Washington, DC 20510
On Capitol Hill on Monday afternoon, defense scholars from across the political spectrum joined together in an unprecedented effort to emphasize the need for overdue fundamental Pentagon reform. The panel included analysts representing the 25 signatories of the defense reform consensus letter published in The Hill newspaper on Monday morning.
These liberal, libertarian, and conservative thinkers urged Congress and the administration to reduce excess domestic bases, to shrink the defense civilian workforce, and to adjust military compensation. Representative Jim Cooper (D-TN), ranking member of the Strategic Forces Subcommittee of the House Armed Services Committee, confirmed that this effort is necessary and important and that it will require perseverance on the part of all parties to accomplish.
The bipartisan group stressed that with structural costs on the rise and the defense budget being squeezed from within, spending on core military capabilities and readiness is being crowded out. Left unchecked, the Pentagon and Congress may soon be forced to choose between maintaining the status quo or losing America’s military preeminence.
While the road to reform will be hard, all agreed that it is the only responsible way forward.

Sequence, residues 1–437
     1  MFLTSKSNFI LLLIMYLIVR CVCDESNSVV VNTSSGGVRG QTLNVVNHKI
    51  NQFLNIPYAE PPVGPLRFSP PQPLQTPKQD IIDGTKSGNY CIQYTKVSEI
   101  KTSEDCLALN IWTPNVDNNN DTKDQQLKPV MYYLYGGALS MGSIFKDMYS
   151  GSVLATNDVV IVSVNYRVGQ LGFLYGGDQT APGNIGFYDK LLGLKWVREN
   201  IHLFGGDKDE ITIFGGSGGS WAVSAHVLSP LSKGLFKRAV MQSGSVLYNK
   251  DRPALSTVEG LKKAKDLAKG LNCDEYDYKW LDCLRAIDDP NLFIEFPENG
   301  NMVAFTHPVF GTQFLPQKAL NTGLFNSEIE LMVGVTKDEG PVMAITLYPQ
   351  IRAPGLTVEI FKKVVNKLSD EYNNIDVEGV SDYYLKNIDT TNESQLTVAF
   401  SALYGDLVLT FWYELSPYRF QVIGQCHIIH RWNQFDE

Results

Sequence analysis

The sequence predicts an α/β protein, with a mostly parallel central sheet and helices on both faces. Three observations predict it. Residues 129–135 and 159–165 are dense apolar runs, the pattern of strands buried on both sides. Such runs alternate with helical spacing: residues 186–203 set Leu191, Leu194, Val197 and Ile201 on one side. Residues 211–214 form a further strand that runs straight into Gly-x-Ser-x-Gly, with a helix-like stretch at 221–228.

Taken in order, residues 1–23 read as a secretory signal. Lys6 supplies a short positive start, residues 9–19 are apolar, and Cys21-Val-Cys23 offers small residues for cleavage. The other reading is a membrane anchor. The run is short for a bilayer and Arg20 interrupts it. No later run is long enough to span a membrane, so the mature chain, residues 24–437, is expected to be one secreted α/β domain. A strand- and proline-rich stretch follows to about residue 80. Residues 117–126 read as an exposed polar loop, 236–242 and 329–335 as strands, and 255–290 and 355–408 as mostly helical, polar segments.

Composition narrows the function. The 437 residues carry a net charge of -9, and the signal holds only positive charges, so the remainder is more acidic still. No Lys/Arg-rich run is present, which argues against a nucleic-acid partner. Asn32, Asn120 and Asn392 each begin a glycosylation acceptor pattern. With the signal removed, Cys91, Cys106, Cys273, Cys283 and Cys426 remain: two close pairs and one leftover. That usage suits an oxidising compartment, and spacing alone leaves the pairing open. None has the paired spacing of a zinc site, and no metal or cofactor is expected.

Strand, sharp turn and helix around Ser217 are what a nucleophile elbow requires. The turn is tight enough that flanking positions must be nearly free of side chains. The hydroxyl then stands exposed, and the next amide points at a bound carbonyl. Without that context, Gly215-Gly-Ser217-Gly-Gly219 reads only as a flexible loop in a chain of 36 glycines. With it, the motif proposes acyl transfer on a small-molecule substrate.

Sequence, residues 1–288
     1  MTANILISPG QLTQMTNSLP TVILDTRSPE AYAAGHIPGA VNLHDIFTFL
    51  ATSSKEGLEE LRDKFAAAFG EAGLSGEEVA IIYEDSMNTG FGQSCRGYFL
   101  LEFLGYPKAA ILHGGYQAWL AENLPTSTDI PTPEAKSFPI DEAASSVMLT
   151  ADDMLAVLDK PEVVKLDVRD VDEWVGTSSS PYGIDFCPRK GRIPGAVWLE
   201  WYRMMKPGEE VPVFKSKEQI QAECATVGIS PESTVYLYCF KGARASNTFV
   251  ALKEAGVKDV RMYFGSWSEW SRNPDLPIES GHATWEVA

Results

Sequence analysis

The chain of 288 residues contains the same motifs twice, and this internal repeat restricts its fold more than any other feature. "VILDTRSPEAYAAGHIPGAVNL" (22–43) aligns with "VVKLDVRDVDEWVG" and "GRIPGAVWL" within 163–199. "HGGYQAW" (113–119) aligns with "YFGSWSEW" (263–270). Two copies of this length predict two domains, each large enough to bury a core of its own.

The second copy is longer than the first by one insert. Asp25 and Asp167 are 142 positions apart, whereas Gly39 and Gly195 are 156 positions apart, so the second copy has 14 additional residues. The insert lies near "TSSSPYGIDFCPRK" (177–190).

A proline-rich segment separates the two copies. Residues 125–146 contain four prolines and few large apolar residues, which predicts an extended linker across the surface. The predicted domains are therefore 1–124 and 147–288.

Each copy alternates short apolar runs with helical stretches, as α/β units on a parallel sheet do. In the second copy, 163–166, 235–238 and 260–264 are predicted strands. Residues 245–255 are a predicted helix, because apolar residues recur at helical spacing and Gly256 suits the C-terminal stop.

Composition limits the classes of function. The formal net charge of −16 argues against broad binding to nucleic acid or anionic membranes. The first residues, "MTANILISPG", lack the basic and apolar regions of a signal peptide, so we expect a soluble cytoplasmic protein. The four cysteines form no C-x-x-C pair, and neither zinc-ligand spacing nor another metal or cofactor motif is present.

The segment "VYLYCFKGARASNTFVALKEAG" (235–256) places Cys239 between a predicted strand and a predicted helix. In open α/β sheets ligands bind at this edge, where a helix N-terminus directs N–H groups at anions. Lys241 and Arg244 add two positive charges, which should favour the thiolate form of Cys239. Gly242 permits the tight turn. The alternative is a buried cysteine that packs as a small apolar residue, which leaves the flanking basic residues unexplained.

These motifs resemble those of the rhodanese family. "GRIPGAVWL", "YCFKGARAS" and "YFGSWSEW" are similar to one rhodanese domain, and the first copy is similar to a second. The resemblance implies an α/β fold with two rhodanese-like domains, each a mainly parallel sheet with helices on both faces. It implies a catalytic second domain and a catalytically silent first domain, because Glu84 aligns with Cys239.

With gridlock being a central feature of Washington politics, it is all the more remarkable when conservatives, libertarians, liberals, and centrists agree. When it comes to military spending, these groups are united around the imperative for structural Pentagon reforms to address rising internal costs relating to excess domestic bases, to the size of the US Department of Defense’s (DOD) civilian workforce, and to military compensation.
While acting to address these politically sensitive areas will not be easy, the Pentagon no longer has an option. As Secretary of Defense Chuck Hagel has argued, “the biggest long-term fiscal challenge facing the Department is not the flat or declining topline budget. It is the growing imbalance in where that money is being spent internally.”
Join representatives from AEI, the Brookings Institution, the Cato Institute, the Center for American Progress, the Center for a New American Security, the Center for Strategic and Budgetary Assessments, the Center for Strategic and International Studies, the Foreign Policy Initiative, and the Stimson Center as they discuss the bipartisan consensus surrounding the need for fundamental reform at DOD.
The views expressed at this event and in the letter to policymakers are those of the participating individuals alone and do not necessarily reflect the views of their respective organizations.
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